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Crappy Service: The rise of the dog doo cleaning business

“It’s a service industry, it’s a need,” says Poooh Busters' Roland Pearson

Jul 16, 2014

The industrious Roland Pearson
Photograph Bookstrucker

Ten years ago, Roland Pearson was sick of cleaning up his dog’s poop. So, he called the lone company in Calgary offering such a service. He was not happy with the result, though. “I thought ‘The hell with this, I can do it bigger and better,’ ” Pearson says.

Ten years later, Pearson has kept true to his reaction. He’s now the owner of Poooh Busters, a pet-waste removal company, with about five competitors in Calgary, that employs 14 people full time, services 1,500 homes per week, disposes of 20 tonnes of dog doo per month and is on track to clear $800,000 in revenues this year. “The growth is ridiculous,” Pearson says.

But a business built on … dog poo? Pearson says it should not seem weird. “It’s a service industry, it’s a need,” he says. “Picking up pet waste is one of the worst jobs pet owners think there is. At just over $10 per week, most people would rather spend time with their families or walking their dogs.”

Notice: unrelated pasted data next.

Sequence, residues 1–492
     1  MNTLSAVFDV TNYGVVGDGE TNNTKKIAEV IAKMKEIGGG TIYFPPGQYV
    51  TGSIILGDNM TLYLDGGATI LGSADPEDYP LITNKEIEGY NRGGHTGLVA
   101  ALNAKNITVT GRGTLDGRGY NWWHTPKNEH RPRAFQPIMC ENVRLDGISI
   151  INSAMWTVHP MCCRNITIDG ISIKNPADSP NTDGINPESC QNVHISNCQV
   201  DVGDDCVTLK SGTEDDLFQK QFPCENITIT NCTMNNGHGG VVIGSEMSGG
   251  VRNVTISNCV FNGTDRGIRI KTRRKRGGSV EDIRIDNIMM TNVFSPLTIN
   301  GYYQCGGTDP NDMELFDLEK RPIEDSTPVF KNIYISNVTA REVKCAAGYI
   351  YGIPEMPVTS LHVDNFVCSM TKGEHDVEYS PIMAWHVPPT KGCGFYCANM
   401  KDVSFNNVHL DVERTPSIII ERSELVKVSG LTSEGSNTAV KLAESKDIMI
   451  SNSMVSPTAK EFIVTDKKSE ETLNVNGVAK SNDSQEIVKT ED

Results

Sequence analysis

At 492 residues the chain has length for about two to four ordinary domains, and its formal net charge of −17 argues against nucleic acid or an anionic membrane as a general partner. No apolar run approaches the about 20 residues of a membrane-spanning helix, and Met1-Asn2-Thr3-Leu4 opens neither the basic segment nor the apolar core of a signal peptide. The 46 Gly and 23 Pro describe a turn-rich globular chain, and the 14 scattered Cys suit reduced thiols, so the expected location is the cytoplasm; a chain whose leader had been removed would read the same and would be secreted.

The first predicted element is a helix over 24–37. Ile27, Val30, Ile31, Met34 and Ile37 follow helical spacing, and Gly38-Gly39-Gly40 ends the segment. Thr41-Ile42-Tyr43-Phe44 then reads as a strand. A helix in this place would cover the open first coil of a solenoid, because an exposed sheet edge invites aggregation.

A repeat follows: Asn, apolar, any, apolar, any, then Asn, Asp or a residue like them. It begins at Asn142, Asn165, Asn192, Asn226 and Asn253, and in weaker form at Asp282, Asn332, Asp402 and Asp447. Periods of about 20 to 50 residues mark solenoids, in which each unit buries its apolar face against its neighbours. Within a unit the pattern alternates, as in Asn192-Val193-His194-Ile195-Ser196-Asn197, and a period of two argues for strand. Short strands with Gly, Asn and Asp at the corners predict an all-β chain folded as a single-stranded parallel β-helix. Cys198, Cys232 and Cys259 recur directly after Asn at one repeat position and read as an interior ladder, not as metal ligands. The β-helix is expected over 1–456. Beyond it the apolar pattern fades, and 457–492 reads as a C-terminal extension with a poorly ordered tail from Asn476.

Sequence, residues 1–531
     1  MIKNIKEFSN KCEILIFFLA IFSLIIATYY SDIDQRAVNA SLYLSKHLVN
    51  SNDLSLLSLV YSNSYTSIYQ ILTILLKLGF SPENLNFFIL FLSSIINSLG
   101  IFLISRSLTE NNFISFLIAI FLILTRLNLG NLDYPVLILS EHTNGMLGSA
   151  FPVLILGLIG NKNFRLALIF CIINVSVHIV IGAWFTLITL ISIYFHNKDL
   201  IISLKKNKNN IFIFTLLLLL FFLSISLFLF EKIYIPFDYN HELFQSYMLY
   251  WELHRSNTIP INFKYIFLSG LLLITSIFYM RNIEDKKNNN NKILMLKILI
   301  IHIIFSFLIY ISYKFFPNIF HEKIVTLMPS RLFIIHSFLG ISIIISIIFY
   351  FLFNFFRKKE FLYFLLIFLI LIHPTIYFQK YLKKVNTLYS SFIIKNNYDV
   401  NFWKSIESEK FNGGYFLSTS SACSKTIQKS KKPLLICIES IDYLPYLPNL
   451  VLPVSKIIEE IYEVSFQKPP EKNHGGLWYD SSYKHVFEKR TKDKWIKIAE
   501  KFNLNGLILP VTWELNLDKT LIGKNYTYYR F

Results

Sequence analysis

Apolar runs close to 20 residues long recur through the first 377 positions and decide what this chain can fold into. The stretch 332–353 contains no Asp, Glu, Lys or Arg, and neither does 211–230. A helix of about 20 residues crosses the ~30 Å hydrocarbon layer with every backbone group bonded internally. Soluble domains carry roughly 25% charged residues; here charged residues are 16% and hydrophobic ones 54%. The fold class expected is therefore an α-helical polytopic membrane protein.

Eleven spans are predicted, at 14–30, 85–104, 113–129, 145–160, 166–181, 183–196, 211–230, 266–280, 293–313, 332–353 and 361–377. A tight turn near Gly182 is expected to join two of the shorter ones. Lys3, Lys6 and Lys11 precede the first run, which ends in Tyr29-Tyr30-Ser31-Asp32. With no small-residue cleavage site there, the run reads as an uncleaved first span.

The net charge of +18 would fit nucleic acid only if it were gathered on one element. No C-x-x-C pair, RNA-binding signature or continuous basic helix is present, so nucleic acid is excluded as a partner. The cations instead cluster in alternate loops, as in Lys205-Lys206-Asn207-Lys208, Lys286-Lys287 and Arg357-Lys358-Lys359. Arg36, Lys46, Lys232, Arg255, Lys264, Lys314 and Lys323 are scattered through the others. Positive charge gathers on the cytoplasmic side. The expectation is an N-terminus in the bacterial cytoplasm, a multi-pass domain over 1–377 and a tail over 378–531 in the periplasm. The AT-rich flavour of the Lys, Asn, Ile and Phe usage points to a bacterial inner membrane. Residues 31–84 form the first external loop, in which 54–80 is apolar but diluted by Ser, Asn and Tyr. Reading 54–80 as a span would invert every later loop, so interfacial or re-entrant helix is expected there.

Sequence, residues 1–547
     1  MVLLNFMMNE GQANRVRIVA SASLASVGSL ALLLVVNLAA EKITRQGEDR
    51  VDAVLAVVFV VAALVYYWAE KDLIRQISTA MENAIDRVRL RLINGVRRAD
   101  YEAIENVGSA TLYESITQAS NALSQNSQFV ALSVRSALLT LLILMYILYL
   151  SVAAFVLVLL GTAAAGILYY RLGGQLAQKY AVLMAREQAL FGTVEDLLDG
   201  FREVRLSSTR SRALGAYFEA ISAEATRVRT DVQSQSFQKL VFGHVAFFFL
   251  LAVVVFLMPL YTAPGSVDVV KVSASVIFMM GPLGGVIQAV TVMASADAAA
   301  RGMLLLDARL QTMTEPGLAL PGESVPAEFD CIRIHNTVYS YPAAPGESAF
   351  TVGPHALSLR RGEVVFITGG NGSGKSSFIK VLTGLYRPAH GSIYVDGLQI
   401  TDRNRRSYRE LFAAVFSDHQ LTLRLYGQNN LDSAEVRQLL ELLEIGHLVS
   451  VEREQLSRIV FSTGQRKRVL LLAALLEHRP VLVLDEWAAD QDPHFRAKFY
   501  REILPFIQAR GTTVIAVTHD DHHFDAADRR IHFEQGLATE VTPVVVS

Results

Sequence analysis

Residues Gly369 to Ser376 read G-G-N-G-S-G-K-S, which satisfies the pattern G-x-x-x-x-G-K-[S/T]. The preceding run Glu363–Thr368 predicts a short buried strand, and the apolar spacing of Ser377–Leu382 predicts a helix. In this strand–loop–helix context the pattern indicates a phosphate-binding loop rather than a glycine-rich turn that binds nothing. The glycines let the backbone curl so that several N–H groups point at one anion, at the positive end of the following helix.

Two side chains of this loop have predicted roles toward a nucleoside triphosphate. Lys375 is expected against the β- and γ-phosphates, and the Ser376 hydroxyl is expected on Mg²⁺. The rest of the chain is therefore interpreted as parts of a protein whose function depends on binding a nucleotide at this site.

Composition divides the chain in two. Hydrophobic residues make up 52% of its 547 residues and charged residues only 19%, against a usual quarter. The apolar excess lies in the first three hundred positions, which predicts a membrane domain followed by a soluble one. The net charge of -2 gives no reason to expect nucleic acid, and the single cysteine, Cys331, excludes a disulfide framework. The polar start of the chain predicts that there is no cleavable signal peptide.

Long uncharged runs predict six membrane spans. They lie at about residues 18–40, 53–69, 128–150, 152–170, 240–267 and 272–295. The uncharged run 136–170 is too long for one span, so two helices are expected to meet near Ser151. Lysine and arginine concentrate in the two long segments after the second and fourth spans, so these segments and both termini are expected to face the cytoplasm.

And, Pearson says, Canadian values are likely at the root of the reaction that some have to his business, noting pet-waste removal has long been a viable concern in the U.S. “Here in Canada we had a hard time wrapping our heads around somebody picking up dog waste,” Pearson says. “We’re Canadian; we feel we’re supposed to do it ourselves. But it’s like having a pool cleaning service. Fifteen years ago, if you said you had a maid you were looked at as crazy. Nowadays, a cleaning lady is common practice.”


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